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Determining Social Securitys Full Retirement Age
Ask Rusty
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Social Security Advisor


Dear Rusty: I was born in 1955, am 61 years old, and starting to think about when I should collect Social Security. I spoke to my local Social Security office and got confused when they started talking about my “full retirement age” and now I don’t know whether that’s 62, 65, 66, or something else. Can you please clarify?

Signed: Confused


Dear Confused: “Full Retirement Age,” often referred to by Social Security pundits as “FRA,” can be confusing to those approaching retirement and wondering when they should start collecting their Social Security benefits. That’s because there isn’t just one age which Social Security considers the “full retirement age”; rather each person’s full retirement age depends on which year they were born. And why is FRA so important? Because it is one of two primary factors which determine how much your personal Social Security retirement benefit will be, no matter when you start collecting. (The other is your “Average Indexed Monthly Earnings,” or “AIME,” which is the subject of a different question).

First of all, when the Social Security Administration (SSA) refers to “full retirement age,” they mean the age at which you become eligible to receive 100 percent of the benefit you are entitled to from your lifetime earnings record, if you were to start collecting benefits at that age. That age was fixed at 65 until 1983 when Congress changed the law to slightly increase the FRA for folks born in 1938 and later. Under current law, anyone born between 1943 and 1954 has a full retirement age of 66, while the age for those born after 1954 increases by two months for each year between 1955 and 1960 when the maximum age of 67 is reached. FRA then stays at 67 for anyone born after 1960. So for Social Security purposes, your full retirement age can be anywhere from 65 to 67 depending upon the year you were born (Persons born on January 1st of any year are, for FRA purposes, considered to have been born in the previous year). For people approaching retirement today, their FRA will be 66, or 66 years and some months if they were born between 1955 and 1959, or 67 if they were born in 1960 or later. Since you were born in 1955, your full retirement age is 66 years and 2 months, and this is the age at which you will be able to collect 100 percent of the Social Security benefit you have earned by working over your lifetime. But if you start collecting your benefits earlier than your FRA your actual benefit will be less than 100 percent of what you’ve earned. And if you wait until after your full retirement age, you can collect more than 100 percent. Note, too, that the significance of FRA also applies to both spousal and survivor’s benefits, in that applying early will result in a reduced benefit amount.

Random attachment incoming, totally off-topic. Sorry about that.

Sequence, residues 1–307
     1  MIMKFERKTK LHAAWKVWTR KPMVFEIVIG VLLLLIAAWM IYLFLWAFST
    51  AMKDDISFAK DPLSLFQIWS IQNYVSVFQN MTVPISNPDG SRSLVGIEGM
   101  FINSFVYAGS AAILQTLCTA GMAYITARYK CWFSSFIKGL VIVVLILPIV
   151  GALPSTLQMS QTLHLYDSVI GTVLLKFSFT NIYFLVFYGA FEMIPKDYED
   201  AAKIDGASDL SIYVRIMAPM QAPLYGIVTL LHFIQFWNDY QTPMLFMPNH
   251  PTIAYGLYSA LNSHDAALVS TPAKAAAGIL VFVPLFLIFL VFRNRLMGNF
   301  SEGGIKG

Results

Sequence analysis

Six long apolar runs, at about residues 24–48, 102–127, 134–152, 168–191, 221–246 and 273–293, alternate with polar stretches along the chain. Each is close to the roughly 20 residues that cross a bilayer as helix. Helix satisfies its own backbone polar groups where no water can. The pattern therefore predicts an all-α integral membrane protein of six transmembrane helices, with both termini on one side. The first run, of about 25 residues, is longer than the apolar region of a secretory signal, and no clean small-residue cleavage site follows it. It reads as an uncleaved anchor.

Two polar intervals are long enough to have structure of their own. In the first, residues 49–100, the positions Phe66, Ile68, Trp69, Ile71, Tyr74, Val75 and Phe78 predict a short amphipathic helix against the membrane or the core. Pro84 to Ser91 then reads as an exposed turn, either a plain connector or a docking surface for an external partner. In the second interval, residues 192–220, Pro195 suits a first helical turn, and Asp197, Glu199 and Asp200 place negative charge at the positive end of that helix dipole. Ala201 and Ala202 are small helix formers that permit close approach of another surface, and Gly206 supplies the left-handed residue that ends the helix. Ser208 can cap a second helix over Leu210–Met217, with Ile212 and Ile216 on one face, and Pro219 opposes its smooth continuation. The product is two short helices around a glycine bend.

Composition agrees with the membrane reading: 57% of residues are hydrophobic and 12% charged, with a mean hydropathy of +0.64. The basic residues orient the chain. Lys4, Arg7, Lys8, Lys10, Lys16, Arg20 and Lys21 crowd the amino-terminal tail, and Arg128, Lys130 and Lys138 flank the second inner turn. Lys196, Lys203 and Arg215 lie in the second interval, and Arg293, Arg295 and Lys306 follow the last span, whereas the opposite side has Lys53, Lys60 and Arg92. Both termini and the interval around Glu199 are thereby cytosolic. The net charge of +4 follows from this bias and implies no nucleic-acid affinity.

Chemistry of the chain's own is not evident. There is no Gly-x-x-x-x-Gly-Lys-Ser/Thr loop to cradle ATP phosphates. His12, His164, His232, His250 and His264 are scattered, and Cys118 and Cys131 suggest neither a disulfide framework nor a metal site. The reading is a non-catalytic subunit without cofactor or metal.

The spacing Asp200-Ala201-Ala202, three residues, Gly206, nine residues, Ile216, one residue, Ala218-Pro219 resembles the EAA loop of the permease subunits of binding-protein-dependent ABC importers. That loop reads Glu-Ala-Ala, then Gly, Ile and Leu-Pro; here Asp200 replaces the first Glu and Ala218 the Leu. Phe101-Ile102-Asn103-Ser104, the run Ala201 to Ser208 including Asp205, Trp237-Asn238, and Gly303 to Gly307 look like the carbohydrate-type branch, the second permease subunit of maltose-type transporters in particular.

The information presented in this article is intended for general information purposes only; opinions and interpretations expressed in this article are the viewpoints of the AMAC (Association of Mature American Citizens) Foundation’s Social Security Advisory staff, trained and accredited under the National Social Security Advisors program of the National Social Security Association. The Foundation welcomes questions from readers regarding Social Security issues. To submit a request, contact the Foundation at